The wahala after marriage? Ala! Anyway they say ‘for better for worse’! Today she is fine, tomorrow, I had to deal with one medical condition or the other including an unrepentant osteoporosis in her knees.

The visits to the hospitals? you can’t count! She would often let me carry her at the back from the top floor to the ground floor before driving her to an infirmary. Poverty no good o! All I wanted was papers. After all, weytin concern trotro aplankey with overload!

Every weekend, we had to go out jogging together and she had a walking stick and kissing in public was not frowned upon by their culture. You should see that woman and I as husband and wife walking the streets of abrokyire and you would know ‘old age labour’ is as real as ‘child labour’. Besides, she was extremely jealous and suspicious of every single phone call I made or received from Accra.

She often threatened me with extradition and divorce even though by virtue of our marriage I was already a citizen. I recall the day my pastor back in Ghana asked me to send him a picture of myself and my wife. God is good!

He saw it and fainted as he covered it up with the excuse that the Holy Spirit was at work! I agreed with him and indeed it was only the Holy Spirit that got me surviving this marriage albeit for a short while. Since then, I vowed never to send any picture to anybody again.

As for bedmatics, as to how I was going to do it, just imagine. She liked talking and could talk aaaaaaaa till I fall asleep and when I do, she would wake me up to continue talking, talking, talking. Habaa!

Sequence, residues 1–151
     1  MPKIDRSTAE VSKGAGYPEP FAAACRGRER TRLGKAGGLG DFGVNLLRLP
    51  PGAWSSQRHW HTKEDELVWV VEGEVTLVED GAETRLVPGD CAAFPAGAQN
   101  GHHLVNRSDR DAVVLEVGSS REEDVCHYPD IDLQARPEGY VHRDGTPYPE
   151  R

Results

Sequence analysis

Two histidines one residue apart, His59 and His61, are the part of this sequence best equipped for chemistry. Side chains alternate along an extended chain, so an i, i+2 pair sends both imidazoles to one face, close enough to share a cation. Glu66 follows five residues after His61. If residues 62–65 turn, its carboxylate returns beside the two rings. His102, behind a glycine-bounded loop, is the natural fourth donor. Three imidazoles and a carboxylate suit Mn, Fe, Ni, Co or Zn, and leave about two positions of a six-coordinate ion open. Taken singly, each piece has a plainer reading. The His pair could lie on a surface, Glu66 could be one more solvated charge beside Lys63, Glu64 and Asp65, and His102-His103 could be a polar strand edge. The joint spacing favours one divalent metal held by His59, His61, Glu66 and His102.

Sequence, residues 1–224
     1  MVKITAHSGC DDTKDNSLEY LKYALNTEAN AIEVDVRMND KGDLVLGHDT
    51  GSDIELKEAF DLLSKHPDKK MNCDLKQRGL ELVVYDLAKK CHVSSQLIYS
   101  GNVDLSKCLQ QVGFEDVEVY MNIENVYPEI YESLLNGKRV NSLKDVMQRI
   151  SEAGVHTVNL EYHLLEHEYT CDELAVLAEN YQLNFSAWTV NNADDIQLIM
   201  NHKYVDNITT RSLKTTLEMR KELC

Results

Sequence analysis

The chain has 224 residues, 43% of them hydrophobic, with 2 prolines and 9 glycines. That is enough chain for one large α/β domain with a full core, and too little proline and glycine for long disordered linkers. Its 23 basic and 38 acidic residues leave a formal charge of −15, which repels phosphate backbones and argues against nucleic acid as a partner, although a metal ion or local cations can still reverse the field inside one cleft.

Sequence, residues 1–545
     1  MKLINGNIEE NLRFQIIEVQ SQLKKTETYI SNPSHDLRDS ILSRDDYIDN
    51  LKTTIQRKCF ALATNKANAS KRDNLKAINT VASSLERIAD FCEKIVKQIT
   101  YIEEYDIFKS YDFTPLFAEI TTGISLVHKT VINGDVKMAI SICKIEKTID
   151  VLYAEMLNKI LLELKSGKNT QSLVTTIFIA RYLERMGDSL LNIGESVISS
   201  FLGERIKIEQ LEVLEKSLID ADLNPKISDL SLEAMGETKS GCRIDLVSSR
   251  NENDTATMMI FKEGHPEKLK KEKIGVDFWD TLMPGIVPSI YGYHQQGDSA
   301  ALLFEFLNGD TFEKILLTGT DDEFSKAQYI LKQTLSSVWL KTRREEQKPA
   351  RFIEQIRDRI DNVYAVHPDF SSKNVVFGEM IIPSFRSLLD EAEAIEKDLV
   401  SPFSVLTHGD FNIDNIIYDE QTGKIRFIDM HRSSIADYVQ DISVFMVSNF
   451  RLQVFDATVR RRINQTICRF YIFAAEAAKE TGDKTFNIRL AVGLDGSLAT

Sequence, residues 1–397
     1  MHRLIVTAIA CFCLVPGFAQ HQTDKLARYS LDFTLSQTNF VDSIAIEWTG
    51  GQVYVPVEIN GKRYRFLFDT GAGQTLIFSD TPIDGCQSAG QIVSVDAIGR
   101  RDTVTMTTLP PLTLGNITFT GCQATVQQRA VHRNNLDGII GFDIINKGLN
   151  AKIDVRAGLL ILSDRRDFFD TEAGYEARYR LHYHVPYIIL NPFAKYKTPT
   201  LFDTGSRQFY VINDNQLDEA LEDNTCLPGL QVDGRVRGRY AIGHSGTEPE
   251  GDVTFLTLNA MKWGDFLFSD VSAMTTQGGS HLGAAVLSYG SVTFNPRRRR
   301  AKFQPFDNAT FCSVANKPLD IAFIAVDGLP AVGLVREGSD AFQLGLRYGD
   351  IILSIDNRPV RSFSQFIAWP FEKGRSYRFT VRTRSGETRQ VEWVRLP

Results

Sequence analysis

Her meals were made of uncooked leaves. Raw garlic and lettuce were in abundance after which I had a daunting task kissing and it was a MUST! Eish!

She’s always upset with one thing or the other and I blame it on cultural differences.

I wanted my own kids but with a 74-year-old ‘grandma’ who has declared her intentions not to ‘born’, a plan B was looming. I needed to come down to Ghana to ‘plant a seed’; she followed me.

She was everywhere I passed and my friends were just laughing at me. She said we should visit the mall in Accra. Whaat! Well, I gave in and at the mall, she wanted me to be holding her, arm-in-arm and holding her by the waist. At this point, the Naija song, ‘All I need is your waist’ didn’t appeal to me anymore.

The small boys and girls around kept their fone cameras on us. We made it back to abroad. I remember the day she forced me to post the picture of the two of us on fasebook and forced me to caption the picture: ‘Me and my Baby”! ‘Baby’ at 74? Ao! What kind of poverty alleviation program is this, I kept asking myself in annoyance! We went to a programme together and we were supposed to write down our names. You won’t believe this – my Mama wrote: ‘Mrs. Zogbenu’. Whose Mrs? I became furious and asked her to change it to her maiden name and precede it with ‘Ms’.

It was then I educated her on the differences. ‘Mrs.’ is someone who has declared her marital status and insists on using ‘Mrs.’ (I didn’t want Awony3 to declare anything); ‘’Ms’ is used for a person who you are not sure whether she is married or not and so to be on the safer side, just ‘Ms’ it! ‘Ms with a dot ie ‘Ms.’ is one who is the ‘wife’ to married man or has been married before or widowed! Simple. I didn’t even know where to categorise Mama. I confronted her and insisted she should use ‘Ms’ something something and let me be free. Ah!

The day this Mamaga discovered that I was in a serious relationship in Ghana was the day I found myself back at Kotoka in slippers but I am fine thank you and you? Marriage of convenience? Never again! Sammy, so you believe all these lies? Hahahaa! You have no problem!

Enjoy the weekend and remember the best way to avoid stress is to stop going to work and see how hunger will finish you! Hahaaa!

Columnist: Mawuli Zogbenu